Economists don't know what to do about it.
It's hard to measure, hard to quantify and a little odd to explain.
More and more people are spending more and more time (and money) on pursuits that have no pay off other than satisfaction.
"Why should you have a blog?" they ask. "How are you going to make any money?"
"Why post your photos on flickr?" they wonder. "You don't get compensated by people who see them." Or your garage band's songs on an MP3 site. Or spending time and money on projects like: The Basket Book: Over 30 Magnificent Baskets To Make and Enjoy.
Of course, economists don't really worry about this. They understand perfectly well that economics is able to easily explain that human beings pursue things that satsify them.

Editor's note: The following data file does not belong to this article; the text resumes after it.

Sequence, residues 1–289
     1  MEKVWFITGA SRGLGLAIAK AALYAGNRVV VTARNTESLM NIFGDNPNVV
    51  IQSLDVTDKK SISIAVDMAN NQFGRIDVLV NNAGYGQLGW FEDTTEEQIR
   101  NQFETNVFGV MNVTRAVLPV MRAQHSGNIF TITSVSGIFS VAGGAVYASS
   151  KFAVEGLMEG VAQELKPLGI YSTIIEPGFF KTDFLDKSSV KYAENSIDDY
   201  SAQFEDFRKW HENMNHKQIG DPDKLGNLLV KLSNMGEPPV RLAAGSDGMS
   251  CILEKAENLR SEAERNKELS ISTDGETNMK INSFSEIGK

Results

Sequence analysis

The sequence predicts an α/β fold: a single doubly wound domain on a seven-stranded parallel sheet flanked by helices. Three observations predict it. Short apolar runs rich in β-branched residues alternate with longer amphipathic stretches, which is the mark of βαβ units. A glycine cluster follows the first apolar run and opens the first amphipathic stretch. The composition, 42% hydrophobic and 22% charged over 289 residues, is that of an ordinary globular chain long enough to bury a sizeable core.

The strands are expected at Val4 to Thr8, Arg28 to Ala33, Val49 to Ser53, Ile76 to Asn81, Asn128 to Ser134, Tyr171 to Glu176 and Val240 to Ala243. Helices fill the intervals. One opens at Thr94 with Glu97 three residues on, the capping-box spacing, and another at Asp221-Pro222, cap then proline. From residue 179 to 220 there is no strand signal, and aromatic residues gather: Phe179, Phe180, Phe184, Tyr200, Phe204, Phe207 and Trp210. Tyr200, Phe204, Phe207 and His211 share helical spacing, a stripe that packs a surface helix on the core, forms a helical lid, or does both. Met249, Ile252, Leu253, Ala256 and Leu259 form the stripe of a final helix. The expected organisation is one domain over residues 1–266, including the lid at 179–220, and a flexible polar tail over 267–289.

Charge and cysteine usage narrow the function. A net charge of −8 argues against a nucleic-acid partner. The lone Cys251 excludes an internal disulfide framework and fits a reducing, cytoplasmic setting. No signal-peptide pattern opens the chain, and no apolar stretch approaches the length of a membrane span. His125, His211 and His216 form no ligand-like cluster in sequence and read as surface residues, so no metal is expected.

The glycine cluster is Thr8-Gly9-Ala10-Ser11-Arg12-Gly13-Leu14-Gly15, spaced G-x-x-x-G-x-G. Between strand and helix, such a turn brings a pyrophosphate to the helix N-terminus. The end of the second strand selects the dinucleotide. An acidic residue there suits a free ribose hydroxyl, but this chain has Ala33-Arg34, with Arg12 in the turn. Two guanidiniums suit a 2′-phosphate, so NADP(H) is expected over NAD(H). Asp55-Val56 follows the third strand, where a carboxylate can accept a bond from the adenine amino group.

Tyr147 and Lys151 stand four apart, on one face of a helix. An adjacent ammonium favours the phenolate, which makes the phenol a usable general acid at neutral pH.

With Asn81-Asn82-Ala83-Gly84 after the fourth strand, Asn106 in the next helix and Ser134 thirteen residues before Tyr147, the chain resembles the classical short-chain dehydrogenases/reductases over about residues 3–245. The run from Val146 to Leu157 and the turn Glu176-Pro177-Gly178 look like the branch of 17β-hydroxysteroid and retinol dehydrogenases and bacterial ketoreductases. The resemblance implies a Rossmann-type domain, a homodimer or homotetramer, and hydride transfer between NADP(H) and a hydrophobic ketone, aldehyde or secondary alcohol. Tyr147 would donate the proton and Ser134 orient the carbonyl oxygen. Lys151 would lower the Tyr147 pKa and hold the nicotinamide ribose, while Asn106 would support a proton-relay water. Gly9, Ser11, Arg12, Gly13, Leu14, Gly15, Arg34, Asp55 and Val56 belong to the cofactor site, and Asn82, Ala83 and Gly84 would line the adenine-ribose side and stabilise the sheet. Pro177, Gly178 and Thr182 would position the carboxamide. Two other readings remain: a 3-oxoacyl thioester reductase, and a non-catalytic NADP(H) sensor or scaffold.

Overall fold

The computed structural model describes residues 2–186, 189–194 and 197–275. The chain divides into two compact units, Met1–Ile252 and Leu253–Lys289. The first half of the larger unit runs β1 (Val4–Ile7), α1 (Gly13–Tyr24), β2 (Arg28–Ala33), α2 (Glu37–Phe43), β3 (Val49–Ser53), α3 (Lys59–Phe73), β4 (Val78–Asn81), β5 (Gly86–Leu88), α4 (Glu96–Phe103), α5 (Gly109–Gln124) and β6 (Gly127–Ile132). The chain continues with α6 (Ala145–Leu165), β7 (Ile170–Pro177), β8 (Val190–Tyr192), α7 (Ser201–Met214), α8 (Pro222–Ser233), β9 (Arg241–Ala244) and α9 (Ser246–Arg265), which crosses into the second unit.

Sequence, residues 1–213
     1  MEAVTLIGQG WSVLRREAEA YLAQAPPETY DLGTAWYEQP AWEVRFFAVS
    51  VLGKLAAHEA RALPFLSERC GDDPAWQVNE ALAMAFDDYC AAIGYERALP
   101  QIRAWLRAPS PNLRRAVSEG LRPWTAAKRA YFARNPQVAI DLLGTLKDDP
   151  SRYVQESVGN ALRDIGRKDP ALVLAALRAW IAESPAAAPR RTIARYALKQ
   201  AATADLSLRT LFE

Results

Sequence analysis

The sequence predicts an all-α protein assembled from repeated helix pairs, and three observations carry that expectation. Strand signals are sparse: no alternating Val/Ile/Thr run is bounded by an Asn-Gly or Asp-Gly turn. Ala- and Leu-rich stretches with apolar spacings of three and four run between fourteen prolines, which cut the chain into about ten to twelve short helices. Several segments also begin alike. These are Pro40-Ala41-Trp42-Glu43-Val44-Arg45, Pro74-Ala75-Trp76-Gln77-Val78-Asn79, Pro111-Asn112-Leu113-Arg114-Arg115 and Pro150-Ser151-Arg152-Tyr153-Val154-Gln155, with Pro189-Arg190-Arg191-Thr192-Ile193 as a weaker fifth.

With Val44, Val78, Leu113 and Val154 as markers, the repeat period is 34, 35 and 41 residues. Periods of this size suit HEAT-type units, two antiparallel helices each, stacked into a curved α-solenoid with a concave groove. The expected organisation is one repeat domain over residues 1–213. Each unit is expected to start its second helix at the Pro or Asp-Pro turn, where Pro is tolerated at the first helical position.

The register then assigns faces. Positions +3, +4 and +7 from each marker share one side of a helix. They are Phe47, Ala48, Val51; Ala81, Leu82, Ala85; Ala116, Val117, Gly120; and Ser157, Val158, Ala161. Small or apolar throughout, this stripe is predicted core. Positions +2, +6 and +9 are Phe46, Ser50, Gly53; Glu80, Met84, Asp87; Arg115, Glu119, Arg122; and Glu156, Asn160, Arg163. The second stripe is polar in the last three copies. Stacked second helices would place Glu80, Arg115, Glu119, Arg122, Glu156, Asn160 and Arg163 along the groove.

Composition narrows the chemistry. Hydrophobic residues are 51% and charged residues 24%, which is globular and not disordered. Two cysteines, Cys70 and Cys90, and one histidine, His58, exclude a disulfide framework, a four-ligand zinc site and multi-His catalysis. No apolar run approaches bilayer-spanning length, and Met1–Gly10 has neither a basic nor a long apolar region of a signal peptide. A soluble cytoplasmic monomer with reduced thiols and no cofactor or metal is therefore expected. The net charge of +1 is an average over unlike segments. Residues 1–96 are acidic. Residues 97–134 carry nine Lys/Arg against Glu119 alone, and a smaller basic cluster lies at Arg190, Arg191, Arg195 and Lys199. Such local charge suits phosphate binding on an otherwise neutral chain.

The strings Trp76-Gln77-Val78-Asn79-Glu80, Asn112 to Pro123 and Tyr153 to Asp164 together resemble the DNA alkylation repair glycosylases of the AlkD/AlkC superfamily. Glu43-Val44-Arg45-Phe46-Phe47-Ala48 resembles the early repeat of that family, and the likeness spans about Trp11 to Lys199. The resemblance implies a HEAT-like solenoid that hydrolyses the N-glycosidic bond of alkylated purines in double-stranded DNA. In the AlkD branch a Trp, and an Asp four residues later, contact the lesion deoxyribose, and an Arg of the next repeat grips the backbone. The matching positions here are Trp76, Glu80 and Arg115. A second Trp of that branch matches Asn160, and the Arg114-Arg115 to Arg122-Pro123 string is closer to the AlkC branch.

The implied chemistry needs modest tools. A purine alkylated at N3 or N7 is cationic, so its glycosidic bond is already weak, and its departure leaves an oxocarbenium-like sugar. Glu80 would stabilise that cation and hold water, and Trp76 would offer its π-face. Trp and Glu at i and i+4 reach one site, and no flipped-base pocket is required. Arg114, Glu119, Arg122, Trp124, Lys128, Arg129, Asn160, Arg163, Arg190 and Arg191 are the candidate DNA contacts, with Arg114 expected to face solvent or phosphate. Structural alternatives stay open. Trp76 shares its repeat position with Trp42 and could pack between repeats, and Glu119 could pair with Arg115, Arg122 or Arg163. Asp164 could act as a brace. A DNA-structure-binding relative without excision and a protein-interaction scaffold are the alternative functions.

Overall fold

What the web is doing, though, is exposing lots of avenues for people to use to find satisfaction (but not necessarily cash). Make magazine is page after page of geek projects that are fun, but not profitable. Other sites make it easy for you to build a tube amplifier or splice your own DNA.
Now that white-collar workers regularly spend 75 hours a week at work (did you know the CEO of GE has been spending more than 100 hours a week--for twenty years?!) there's plenty of time to surf the web and get paid for it.